For years, Republicans have considered it the ultimate insult to brand Democrats the party of “identity politics.” It certainly sounds like a bad thing, until you dig into the meaning a bit.

Identity politics is a political style that focuses on the issues relevant to various groups defined by a wide variety of shared personal characteristics, including, but not limited to, race, religion, sex, gender, ethnicity, ideology, nationality, sexual orientation, gender expression, culture, shared history, medical conditions, and other of the many ways in which people differ from each other, and into which they may be classified or classify themselves. (Source)

Due to its tendency to appeal to minorities, ethnic, religious, and otherwise, it actually makes sense to me that the party would be associated more with identity and class than simply economic and policy proposals.

Maybe that is a bit of an oversimplification on my part, but even taking a policy issue, like healthcare, Democrats want to insure everyone; in order to make that point, they use examples of disabled and poor people who have slipped through the cracks of the system and are currently uninsured. Even if they do not intend to make it about a class of people, that is what ends up happening anyway.

Republicans have had more luck avoiding this label in recent decades, probably because the vast majority have been white Evangelicals. When you eliminate entire subgroups or categories of people, it’s much easier to appear to not be playing into “identity politics.” However, it is my belief that they really always have. In 2008 and 2012, McCain and Romney ran on the economy and healthcare, but pundits and media view those as “disagreement over the size and scope of government rather than divisive disputes about racial identity.”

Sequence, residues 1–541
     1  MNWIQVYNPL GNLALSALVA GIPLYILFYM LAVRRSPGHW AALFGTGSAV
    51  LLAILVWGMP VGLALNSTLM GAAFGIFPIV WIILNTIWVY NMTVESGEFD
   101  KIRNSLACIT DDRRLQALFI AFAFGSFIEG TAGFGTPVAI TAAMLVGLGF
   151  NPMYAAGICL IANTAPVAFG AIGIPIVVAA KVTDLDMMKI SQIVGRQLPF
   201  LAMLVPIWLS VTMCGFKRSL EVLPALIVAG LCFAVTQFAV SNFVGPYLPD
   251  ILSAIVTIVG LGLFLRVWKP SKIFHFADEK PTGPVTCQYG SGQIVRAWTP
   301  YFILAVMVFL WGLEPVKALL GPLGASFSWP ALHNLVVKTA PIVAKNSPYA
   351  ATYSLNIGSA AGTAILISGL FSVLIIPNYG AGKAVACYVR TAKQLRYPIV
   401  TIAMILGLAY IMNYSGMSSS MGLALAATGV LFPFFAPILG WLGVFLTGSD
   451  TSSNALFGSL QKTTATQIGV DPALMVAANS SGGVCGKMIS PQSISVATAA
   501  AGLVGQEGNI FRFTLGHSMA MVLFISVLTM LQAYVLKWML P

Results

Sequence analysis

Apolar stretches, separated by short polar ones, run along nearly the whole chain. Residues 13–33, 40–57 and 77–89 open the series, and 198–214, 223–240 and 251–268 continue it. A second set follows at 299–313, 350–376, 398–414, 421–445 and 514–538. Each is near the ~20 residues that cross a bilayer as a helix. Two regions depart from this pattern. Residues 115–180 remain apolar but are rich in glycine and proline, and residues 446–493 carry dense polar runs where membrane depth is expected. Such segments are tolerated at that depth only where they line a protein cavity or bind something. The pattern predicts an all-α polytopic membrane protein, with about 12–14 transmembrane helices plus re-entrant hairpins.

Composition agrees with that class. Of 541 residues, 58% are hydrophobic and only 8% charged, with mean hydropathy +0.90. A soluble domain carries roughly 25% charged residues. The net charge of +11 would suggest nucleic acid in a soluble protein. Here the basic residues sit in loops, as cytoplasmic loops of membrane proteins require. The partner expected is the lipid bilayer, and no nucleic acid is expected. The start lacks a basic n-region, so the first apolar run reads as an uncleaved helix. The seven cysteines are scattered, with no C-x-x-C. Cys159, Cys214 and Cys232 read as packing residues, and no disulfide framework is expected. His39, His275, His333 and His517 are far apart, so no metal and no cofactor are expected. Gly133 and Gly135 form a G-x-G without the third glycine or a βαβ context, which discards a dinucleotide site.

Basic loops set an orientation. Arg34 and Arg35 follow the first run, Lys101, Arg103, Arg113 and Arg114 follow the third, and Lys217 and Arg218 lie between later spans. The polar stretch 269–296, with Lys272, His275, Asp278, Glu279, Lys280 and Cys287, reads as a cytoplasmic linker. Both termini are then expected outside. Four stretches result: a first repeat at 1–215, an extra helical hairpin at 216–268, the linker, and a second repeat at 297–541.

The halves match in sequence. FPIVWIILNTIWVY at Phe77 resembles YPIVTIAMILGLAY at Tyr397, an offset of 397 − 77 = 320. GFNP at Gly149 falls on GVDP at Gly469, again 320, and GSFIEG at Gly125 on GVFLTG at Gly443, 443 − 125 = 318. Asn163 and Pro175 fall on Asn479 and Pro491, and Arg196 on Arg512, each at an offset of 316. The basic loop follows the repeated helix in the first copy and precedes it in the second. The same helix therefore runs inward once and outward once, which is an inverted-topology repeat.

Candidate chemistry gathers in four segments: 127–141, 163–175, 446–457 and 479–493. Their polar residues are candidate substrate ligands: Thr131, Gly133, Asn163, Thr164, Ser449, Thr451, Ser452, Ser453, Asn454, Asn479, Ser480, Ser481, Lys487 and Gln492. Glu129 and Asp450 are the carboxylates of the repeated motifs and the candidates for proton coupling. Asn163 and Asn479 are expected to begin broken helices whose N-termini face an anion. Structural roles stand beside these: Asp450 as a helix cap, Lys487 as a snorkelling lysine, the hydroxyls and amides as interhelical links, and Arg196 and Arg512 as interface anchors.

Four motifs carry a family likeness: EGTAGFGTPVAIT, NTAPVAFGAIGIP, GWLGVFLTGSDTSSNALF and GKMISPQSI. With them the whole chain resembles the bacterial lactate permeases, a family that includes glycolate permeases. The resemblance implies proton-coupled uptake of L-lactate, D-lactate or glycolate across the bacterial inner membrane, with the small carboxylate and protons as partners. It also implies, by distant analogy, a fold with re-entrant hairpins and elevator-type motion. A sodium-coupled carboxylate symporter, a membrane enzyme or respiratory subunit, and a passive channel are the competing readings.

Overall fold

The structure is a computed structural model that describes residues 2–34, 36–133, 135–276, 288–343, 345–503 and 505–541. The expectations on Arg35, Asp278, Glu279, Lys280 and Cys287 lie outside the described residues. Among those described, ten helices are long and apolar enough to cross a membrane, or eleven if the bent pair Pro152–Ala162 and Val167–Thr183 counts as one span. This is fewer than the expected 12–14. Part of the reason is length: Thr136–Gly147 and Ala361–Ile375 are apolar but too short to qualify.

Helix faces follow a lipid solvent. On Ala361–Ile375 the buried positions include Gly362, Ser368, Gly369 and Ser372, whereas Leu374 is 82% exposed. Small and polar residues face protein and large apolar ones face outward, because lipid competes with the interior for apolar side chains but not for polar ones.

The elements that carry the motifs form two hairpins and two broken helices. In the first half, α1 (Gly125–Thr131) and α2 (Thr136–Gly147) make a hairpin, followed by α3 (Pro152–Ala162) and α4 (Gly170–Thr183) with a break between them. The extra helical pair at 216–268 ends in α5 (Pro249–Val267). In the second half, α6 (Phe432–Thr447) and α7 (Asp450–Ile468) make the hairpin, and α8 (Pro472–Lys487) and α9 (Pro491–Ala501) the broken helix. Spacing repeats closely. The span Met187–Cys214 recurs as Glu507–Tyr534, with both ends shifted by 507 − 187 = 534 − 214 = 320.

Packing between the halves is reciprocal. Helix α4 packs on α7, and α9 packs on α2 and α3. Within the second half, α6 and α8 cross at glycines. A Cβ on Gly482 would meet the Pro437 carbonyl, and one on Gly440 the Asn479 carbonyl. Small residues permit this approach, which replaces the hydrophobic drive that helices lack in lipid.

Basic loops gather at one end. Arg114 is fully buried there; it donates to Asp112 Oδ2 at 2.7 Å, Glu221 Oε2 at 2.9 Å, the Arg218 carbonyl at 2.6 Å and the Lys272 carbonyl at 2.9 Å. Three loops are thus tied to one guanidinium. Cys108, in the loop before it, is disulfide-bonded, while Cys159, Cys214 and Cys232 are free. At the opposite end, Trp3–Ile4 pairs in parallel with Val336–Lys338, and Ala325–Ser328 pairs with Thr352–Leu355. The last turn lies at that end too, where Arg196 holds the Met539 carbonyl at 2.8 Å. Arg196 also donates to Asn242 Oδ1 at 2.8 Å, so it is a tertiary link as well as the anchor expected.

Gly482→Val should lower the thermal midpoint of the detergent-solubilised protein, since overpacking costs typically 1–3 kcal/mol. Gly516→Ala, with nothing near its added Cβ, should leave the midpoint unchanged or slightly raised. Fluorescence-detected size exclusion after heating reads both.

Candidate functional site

If the parties had been reversed, would they see it the same way? I seriously doubt it. In my honest opinion, anything Democrats do will be seen as more tribalistic, due to nothing other than party makeup. But in essence it was Identity based, white Evangelical identity for the majority.

All of this was upended in the 2016 election. Trump ran his campaign on blatant racial politics, a white race-inflected nationalism that appealed to working-class whites across America and even flipped some 2012 Obama voters. Despite all the talk of “economic anxiety,” Trump voters have an average income of $70,000 per year, well above the national average. So while some may have concerns, the numbers do not support that as an actual reason for his support.

The Republican play on white identity politics was furthered by voter suppression. “Because even in the wake of federal court orders striking down many of the most odious, discriminatory features of voter suppression, the GOP resisted, stalled and defied the judiciary until confusion and resignation reigned at the polls.”

The Klan and “White Nationalists” have not only supported this newly overt GOP, but also blatant flaming racists are being ushered in through the front door and given keys to the White House.

If ever Democrats worried that being accused of playing identity politics was a bad thing, let 2016 be the defining moment they can stop. This is owned by the GOP now. They have again become the exact thing they accused and loathed, and they cannot pretend anymore they have not.


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